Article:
Publicis's poignant print ads for suicide-prevention group Samaritans of Singapore use ambigrams to give upbeat messages negative meanings when viewed upside down. "I'm fine" becomes "Save me," "Life is great" morphs into "I hate myself" and "I feel fantastic" reads "I'm falling apart." The tagline, "The signs are there if you read them. Help us save a life before it's too late," is also printed upside down. The campaign does a fine job of depicting the subtle, often hidden nature of depression and anxiety disorders. It's novel for the category, taking an approach that's clever enough to generate broad coverage, extending the message far beyond its original market. Perhaps those reading about this work will question declarations of happiness from friends and family members that don't quite ring true. The writing may be on the wall, but sometimes you've got to look at things in a different way to avert disaster.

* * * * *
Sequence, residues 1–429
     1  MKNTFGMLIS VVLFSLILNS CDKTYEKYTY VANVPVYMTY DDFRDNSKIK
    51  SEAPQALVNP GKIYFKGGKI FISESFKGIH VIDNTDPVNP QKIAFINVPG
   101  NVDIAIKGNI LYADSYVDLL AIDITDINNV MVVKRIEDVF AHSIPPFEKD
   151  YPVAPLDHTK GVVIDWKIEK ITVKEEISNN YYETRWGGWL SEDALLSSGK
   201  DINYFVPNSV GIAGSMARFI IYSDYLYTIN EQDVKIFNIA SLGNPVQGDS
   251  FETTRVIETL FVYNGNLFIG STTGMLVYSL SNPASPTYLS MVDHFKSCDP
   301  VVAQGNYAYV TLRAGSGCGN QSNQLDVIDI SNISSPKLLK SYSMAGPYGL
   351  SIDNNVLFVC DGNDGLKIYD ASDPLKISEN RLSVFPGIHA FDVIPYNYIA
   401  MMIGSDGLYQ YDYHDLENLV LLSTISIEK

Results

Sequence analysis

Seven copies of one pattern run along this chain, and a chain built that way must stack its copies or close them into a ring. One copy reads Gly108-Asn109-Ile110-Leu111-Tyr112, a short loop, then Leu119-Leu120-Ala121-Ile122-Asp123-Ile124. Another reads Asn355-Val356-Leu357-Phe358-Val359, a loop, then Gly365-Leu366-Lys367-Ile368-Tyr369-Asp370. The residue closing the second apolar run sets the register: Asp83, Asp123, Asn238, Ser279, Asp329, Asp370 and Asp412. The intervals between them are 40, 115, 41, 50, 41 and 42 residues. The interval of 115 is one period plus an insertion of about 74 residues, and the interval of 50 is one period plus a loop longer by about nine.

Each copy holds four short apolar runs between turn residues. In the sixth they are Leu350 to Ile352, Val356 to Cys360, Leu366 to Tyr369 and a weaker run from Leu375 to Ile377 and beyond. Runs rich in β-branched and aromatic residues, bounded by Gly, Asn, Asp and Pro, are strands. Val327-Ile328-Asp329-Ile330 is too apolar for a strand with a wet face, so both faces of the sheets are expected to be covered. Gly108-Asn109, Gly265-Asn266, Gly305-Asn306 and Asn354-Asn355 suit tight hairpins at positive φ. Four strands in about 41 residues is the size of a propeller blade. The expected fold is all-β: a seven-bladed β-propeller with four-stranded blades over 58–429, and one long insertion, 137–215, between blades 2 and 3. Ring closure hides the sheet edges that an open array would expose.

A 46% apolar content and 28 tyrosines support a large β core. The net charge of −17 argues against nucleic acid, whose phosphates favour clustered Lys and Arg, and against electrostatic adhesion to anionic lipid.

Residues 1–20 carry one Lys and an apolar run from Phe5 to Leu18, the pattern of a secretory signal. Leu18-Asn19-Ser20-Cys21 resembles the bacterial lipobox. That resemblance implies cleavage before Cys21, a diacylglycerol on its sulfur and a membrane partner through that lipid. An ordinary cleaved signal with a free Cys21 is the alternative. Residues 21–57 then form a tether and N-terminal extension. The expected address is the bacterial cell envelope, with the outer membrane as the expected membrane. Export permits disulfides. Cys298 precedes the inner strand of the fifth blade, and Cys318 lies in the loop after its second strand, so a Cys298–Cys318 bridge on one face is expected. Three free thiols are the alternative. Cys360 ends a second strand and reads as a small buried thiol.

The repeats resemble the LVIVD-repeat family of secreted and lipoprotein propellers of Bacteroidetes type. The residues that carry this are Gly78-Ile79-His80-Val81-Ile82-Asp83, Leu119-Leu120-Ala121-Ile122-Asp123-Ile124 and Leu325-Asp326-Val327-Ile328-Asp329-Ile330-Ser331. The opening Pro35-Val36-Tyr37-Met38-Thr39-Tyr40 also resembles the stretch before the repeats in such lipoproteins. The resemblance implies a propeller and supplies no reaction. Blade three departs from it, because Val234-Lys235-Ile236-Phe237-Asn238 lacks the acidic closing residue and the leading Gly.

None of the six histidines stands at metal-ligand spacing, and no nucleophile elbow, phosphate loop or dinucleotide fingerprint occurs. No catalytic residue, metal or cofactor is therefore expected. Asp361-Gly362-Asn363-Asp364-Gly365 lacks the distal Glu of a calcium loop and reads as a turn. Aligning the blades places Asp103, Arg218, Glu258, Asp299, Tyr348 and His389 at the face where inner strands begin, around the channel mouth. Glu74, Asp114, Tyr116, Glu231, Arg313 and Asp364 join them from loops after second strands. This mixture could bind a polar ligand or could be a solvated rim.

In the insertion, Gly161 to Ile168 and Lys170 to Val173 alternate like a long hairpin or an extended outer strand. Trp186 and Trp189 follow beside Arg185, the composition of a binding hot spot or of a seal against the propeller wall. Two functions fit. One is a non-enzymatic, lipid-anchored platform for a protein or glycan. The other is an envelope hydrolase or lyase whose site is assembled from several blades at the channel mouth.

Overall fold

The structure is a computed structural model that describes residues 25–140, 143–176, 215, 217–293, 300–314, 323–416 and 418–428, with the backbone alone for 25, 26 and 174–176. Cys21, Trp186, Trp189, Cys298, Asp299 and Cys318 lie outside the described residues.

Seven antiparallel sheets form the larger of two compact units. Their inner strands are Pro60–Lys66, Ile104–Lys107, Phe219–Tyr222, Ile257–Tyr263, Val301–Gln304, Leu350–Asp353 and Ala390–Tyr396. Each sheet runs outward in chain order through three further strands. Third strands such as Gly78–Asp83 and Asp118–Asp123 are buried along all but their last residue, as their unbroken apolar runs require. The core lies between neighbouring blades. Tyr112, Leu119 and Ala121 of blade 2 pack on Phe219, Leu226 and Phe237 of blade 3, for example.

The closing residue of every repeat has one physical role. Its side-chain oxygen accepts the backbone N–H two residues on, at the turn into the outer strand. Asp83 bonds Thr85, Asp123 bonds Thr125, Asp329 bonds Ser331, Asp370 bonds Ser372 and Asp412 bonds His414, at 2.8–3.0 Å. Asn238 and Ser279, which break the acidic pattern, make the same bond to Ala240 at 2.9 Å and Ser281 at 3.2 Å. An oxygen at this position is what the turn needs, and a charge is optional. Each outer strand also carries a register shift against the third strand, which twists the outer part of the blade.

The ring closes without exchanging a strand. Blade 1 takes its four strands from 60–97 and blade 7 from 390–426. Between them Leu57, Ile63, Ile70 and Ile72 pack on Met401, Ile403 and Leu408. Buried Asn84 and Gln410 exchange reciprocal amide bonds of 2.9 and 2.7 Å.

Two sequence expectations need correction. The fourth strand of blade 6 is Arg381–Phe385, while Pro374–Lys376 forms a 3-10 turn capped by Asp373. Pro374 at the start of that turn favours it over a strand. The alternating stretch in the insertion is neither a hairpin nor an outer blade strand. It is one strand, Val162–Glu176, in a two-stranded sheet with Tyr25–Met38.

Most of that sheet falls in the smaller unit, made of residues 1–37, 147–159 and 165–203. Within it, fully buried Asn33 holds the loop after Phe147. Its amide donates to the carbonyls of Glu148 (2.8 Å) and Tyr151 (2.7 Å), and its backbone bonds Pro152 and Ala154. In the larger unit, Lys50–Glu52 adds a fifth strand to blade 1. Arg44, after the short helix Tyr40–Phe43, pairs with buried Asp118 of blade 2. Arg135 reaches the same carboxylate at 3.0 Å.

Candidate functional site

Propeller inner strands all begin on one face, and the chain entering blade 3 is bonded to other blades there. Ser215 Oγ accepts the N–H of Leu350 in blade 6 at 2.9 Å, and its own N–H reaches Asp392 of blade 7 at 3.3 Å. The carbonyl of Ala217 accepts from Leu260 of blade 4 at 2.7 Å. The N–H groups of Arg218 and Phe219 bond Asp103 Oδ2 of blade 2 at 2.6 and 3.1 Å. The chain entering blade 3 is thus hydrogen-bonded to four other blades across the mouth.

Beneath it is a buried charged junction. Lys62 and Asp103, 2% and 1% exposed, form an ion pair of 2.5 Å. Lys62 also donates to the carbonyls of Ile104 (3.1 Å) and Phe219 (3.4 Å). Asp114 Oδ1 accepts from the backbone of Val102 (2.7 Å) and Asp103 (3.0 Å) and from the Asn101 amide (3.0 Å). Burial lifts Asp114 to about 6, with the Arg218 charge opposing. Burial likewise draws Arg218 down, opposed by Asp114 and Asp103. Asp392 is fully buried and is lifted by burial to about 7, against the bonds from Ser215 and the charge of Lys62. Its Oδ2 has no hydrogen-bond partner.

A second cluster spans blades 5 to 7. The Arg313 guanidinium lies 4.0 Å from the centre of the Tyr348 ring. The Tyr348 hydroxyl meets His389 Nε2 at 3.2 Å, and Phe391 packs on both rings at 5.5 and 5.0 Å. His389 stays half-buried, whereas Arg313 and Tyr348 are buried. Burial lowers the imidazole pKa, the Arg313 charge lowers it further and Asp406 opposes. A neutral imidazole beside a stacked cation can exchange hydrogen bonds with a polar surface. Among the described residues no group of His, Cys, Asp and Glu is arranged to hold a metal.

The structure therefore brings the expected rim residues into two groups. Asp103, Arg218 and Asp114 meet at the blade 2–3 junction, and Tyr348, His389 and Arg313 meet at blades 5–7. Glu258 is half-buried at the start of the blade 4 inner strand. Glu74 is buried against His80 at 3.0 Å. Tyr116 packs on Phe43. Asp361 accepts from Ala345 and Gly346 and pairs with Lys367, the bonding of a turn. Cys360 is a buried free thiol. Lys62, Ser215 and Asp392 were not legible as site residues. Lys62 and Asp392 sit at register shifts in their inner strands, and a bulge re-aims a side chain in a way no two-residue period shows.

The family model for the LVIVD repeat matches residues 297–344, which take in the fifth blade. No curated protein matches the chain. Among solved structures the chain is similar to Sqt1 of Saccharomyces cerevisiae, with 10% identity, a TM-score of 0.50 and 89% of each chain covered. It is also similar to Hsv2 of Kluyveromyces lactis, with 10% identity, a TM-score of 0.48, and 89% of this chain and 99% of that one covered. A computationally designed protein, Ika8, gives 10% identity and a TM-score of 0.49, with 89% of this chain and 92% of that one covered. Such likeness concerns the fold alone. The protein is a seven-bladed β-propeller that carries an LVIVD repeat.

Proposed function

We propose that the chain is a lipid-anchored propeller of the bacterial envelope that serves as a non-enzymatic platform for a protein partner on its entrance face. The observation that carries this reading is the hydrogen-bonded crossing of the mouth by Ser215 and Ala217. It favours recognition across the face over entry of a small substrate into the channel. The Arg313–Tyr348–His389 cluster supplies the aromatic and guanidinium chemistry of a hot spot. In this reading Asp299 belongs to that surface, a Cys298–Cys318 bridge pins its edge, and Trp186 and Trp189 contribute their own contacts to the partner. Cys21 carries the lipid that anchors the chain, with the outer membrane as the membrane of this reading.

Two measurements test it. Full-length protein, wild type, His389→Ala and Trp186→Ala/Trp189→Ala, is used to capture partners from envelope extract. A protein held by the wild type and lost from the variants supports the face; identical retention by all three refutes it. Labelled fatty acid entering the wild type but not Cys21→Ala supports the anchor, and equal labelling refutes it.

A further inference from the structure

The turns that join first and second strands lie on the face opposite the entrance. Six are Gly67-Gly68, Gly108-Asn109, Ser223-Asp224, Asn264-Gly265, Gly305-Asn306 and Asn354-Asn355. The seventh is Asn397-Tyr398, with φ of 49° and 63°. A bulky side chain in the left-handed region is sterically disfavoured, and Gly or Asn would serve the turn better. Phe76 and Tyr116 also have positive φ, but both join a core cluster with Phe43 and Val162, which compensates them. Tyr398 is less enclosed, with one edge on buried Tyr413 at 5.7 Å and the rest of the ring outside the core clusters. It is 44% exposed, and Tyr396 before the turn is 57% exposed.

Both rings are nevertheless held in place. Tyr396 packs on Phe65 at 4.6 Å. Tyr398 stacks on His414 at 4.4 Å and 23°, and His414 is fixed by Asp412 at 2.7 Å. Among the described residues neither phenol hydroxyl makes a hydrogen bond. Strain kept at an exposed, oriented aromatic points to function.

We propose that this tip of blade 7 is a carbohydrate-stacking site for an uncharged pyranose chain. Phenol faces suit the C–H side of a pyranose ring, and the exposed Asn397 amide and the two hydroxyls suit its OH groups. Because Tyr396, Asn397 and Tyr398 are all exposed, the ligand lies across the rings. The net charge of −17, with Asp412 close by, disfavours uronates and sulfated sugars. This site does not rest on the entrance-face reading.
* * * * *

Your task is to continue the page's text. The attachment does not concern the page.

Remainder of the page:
The medicinal benefits of tacos are explained in this parody of antidepressant medication ads, which is a pretty clever piece of work (although trust me, beef sweats are no laughing matter). I can't support the use of fake swear words like "friggin" or "frickin" by adults, though. What, was the writer's mom looking over his shoulder when he wrote this?